Turkey's Prime Minister has said that he still believes Mohammed Morsi to be the legitimate president of Egypt. "Not," said Recep Tayyip Erdogan, "because it is him personally, but because I respect the people who elected him in free and fair elections and gave him 52 per cent of their votes, and I would say the same thing if the Egyptians had chosen Mohamed ElBaradei as president."
Erdogan was speaking at a group Iftar (fast-breaking meal) held by the leadership of the ruling Justice and Development Party in the capital Ankara. "The world has changed and is no longer as it was in the past," he told those at the function, "and the same can be said about Turkey. In the past, people were subjected to injustice and humiliation, and they were forced to remain patient because of the absence of legitimacy and laws that could hold to account those who have wronged them."
What we have seen in Egypt has been portrayed to the world as the people of Egypt being for the coup against democratic legitimacy in order to give the army's move some legitimacy of its own, said Erdogan. "Those behind the coup obviously thought that the people would stand by silently while the military aborted the democratic process, but they have miscalculated public opinion." They can't ignore the election results, he added.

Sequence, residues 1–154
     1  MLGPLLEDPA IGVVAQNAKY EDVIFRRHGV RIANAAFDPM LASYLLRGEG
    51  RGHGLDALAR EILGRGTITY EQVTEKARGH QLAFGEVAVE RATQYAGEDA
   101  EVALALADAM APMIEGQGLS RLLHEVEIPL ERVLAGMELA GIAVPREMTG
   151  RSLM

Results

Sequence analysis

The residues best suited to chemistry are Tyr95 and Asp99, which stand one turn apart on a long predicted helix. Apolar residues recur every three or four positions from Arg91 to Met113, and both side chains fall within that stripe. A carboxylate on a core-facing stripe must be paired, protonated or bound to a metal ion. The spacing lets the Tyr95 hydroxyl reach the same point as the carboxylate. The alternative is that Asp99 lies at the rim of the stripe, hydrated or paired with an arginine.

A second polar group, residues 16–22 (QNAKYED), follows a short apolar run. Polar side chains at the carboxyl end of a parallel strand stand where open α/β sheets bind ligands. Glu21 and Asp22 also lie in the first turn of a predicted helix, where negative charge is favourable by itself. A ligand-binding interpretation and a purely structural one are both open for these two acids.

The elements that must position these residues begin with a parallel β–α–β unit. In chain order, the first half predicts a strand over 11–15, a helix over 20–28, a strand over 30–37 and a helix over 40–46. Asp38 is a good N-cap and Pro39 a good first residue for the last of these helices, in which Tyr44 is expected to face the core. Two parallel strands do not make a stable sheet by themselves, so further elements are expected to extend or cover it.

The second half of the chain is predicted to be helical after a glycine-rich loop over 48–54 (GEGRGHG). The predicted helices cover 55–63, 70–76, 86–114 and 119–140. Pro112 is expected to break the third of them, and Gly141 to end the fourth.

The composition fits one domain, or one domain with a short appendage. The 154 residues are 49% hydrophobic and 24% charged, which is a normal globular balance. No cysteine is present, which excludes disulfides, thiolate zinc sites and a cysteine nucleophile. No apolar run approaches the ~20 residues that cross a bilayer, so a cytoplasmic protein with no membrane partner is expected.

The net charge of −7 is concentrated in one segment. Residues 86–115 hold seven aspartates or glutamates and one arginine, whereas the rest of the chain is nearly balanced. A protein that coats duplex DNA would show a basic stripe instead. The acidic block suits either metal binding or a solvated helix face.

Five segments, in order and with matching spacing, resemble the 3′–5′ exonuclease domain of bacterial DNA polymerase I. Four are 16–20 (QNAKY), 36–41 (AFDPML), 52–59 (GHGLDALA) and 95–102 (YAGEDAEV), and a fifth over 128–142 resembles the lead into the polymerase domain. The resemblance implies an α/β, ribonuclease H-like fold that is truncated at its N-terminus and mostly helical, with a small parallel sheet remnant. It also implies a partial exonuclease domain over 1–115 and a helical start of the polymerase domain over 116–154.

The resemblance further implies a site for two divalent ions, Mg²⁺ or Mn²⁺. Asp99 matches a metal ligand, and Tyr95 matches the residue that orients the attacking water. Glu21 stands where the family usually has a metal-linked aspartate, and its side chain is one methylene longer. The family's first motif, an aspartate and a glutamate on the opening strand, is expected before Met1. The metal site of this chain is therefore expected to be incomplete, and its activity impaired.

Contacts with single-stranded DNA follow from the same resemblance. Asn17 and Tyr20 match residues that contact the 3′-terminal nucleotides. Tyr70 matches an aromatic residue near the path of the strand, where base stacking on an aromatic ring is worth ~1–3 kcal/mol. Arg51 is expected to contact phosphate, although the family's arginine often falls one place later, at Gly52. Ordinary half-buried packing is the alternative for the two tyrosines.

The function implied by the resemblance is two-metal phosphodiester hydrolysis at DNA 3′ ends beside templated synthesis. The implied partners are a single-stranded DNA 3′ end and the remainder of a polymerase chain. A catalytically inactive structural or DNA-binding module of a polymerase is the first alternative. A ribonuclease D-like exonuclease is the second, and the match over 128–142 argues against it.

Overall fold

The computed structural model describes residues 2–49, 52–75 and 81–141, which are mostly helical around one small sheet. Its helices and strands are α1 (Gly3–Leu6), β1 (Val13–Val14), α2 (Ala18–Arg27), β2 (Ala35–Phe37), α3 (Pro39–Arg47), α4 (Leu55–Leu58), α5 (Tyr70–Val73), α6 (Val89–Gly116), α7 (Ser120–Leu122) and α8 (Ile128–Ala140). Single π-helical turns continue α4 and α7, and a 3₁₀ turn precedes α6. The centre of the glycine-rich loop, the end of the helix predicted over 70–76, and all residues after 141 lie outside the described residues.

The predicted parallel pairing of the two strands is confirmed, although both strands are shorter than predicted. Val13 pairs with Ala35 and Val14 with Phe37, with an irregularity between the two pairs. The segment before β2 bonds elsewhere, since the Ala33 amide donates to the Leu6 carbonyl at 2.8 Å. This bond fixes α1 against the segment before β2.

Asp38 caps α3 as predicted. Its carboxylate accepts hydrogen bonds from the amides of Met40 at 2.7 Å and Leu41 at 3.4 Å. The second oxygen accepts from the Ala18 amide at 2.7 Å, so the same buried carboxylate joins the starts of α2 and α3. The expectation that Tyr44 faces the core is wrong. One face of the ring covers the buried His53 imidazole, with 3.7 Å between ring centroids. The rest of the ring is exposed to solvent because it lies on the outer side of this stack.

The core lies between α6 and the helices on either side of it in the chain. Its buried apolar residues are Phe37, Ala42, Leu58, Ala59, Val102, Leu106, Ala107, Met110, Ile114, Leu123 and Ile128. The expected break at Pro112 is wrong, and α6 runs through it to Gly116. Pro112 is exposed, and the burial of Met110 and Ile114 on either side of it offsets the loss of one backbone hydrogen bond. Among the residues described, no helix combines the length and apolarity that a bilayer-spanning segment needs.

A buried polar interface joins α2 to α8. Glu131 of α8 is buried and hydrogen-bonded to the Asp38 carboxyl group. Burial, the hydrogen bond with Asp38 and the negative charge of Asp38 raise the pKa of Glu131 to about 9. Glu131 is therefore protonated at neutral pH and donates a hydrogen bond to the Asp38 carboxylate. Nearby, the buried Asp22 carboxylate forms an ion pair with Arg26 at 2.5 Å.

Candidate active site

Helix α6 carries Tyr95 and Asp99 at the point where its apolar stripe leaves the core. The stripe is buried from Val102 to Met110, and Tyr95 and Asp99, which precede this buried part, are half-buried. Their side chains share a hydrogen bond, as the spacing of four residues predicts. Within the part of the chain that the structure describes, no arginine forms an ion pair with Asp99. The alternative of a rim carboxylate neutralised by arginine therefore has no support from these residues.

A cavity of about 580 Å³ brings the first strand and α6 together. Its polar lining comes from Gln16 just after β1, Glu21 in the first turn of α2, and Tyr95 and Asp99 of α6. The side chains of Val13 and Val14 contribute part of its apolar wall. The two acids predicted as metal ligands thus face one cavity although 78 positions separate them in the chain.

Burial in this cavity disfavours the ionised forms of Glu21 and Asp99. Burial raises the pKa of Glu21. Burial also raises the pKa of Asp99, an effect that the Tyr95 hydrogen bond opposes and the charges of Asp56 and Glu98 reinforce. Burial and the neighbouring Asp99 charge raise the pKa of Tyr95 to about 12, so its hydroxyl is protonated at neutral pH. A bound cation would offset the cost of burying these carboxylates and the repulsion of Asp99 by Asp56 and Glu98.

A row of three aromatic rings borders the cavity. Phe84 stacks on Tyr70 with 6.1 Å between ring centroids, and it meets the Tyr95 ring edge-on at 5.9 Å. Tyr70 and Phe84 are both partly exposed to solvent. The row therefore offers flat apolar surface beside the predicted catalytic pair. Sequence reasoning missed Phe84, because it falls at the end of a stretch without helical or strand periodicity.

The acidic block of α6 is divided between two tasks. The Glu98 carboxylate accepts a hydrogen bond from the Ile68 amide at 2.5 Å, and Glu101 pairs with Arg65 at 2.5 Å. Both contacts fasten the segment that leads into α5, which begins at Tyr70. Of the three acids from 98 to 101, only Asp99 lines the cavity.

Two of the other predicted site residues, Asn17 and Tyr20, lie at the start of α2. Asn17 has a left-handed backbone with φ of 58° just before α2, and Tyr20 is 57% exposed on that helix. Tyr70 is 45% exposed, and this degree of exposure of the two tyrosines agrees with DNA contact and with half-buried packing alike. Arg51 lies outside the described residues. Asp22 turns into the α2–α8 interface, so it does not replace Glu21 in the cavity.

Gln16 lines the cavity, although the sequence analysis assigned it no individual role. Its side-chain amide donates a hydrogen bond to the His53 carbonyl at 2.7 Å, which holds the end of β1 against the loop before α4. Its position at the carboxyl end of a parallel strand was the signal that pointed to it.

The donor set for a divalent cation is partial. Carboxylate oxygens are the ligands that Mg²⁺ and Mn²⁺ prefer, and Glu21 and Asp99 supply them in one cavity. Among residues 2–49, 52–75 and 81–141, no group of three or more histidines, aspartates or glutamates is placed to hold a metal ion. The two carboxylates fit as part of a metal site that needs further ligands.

"The anti-democracy forces behind events in Egypt wanted to impose the same scenario in Turkey by pushing people to take to the streets to give the impression that everyone in Turkey is against the government and the ruling party; they were unable to achieve what they set out to do."
Stressing that free and fair elections determine whether a person or government continues to rule, the Turkish prime minister stressed that no one has the right to "assassinate" the right of others by removing those they have chosen from power under any pretext. "It is completely unethical if it happens."
Erdogan expressed his surprise at the annoyance of "those who came to power in Egypt by the coup" that he has not spoken to them. "How could I talk to you if you did not attain your positions through elections?" he asked rhetorically. "Your government came about through a coup; those appointed [to high office] came to power in the same manner."
He was astonished, he said, by the fact that an oath ceremony was held for the interim government. "The greatest surprise was when the individual who carried out the coup, Abdel Fattah Al-Sisi, the Defence Minister, stood before the person he himself had appointed as the president of the country in order to take his oath." The Turkish leader continued: "Have you seen anything more tragic than that; in what democracy around the world would we see what is happening in Egypt now?"
He is equally astonished by the silence of the Western governments and their position towards the coup, which contradicts the principles of democracy that they call for. "If you call for democracy, then you should reject coups."
Erdogan also noted that an Egyptian official, referring to Mohamed ElBaradei, called him a few weeks ago and told him that he was "against coups", but after that began to take action in an effort to win the post of prime minister or president, before being appointed as vice-president of the Republic. "He wanted to call me again, but I refused out of rejection of his actions and words," concluded Prime Minister Erdogan. "I hope that Egypt gets back on the right path and regains its peace and stability as soon as possible."